Today I woke up pretty late. I had gotten a good eight hours of sleep at least, and I should have felt rested, but I did not. I never did the first day following my stretch of twelve hours shifts as an RN. That’s just how it was.
As I stood in front of the mirror some time later, after a huge mug of coffee and a refreshing shower, I grimaced at my red eyes. I tried lubricant drops and even Visine, but it was pointless. My eyes felt gritty and sore. And that’s just how it was.
That’s how my eyes felt after working all weekend. My mind felt much the same, like no amount of lubrication could quick start it. Something about it reminded me of the morning after a long night of partying in my twenties, and it would take a day to get over it just like it did back then. You see, I was suffering from a Nurse hangover.
I’ve had a lot of different jobs in my day. I’ve waited tables, car-hopped, and tended bar. I’ve been on an assembly line in a factory and dealt with retail customers on Christmas Eve. I’ve worked third shift, night shift, and split shifts. But nothing, I tell you nothing makes me feel quite so haggard as a string of consecutive nursing shifts at the bedside. Something about it wears me out.
I look at the roadmap of veins on my legs, left there before I had the foresight to wear support stockings, and I know it’s physically demanding. My co-worker’s recent back surgery tells me that’s the truth, but I think there’s more to it. I’ve been physically challenged to the point of injury when I was in boot camp, but the weariness I feel after thirteen hours bedside is an animal all its own.
No, I think a nursing hangover is one part physical, two parts mental, and smattering of emotional fatigue thrown in for good measure. A typical day at the bedside will certainly leave you with sore feet from standing and running all day, but the mental exhaustion of remembering medicine side effects, titration volumes, and physical symptoms of any given disease process would leave even Einstein frazzled. And even if everything is going smoothly there’s always the chance of rain. You set at ready at all times so even when it’s “quiet” or “slow” you can’t really relax. You know it could fall apart at any moment, and that’s exhausting.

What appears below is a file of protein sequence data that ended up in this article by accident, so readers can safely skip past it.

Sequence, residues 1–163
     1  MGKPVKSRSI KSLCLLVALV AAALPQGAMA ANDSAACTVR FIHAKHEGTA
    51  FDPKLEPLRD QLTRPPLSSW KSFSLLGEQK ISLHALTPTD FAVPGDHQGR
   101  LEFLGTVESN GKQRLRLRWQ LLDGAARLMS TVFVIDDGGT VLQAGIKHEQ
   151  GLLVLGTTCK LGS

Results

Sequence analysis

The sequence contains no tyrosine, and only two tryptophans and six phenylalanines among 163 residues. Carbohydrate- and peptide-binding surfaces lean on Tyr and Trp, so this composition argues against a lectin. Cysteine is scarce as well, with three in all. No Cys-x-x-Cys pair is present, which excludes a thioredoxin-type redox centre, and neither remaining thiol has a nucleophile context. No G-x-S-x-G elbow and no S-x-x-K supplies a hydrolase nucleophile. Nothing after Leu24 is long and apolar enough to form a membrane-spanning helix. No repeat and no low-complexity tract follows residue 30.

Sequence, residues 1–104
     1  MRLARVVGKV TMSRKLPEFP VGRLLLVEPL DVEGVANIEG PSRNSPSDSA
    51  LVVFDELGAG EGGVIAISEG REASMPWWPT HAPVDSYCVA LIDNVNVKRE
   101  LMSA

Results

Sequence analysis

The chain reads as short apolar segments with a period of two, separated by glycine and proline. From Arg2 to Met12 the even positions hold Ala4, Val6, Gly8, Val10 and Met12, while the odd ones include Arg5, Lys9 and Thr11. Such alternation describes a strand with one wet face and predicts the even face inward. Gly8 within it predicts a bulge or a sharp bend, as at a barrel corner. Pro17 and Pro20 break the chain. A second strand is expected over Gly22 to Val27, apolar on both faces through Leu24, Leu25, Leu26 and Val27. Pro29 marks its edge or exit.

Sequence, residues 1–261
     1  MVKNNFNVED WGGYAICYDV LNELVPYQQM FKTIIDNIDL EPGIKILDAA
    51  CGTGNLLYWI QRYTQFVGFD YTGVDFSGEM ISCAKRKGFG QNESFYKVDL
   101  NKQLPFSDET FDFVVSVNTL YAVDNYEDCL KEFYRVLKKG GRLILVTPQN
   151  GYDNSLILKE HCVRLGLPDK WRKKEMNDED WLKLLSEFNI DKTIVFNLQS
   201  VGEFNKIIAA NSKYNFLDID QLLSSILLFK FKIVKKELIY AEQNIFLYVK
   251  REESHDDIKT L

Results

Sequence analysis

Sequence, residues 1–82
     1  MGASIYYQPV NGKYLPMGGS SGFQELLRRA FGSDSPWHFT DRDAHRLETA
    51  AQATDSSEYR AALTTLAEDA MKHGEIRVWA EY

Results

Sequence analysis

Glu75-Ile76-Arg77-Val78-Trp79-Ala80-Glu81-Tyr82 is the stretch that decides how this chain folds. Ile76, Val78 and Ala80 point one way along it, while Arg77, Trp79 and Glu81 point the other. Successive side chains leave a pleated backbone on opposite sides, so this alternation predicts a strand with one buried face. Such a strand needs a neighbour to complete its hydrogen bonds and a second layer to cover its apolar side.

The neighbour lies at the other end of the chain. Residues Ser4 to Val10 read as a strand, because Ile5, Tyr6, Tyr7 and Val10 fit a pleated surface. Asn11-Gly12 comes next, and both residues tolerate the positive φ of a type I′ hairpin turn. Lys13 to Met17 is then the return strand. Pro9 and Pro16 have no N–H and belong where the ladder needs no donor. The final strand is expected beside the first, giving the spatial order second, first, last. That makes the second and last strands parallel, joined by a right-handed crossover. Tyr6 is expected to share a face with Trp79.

Top it off with the emotional stress of death and being strong in the face of grief, and any pastor would crumble. When you realize there’s some situations you cannot change no matter how hard you try, it’s supremely draining. My most exhausting day to this point remains the one where I cared for a young postpartum mother whose baby had been stillborn. I watched her hold that infant all day, and I just held her hand and my tears. There was nothing more I could do.
So factor in the things you cannot change, the illnesses you cannot treat, the noncompliant patients you can’t convince, or the unrealistic demands you can’t possibly fill, and you’re left with the wind sucked from your sails. You’re left adrift on adrenaline that can only drive you for so long. You clock out, drive home on some God-given autopilot, and pass out on a pillow of sheer exhaustion. Do that for another day, or two, or three, and you’re rewarded with a hangover that could beat out Jose Cuervo eight days a week.
I make a great salary. The hospital I work for is awesome. The patients who smile and comment so sweetly about me make my day. I had adorable, dream patients this weekend, in fact. Those things keep me at the bedside, well that and my passion for helping others. But none of those things change the point that I’m beat today on my first day off. I guess that’s just how it is.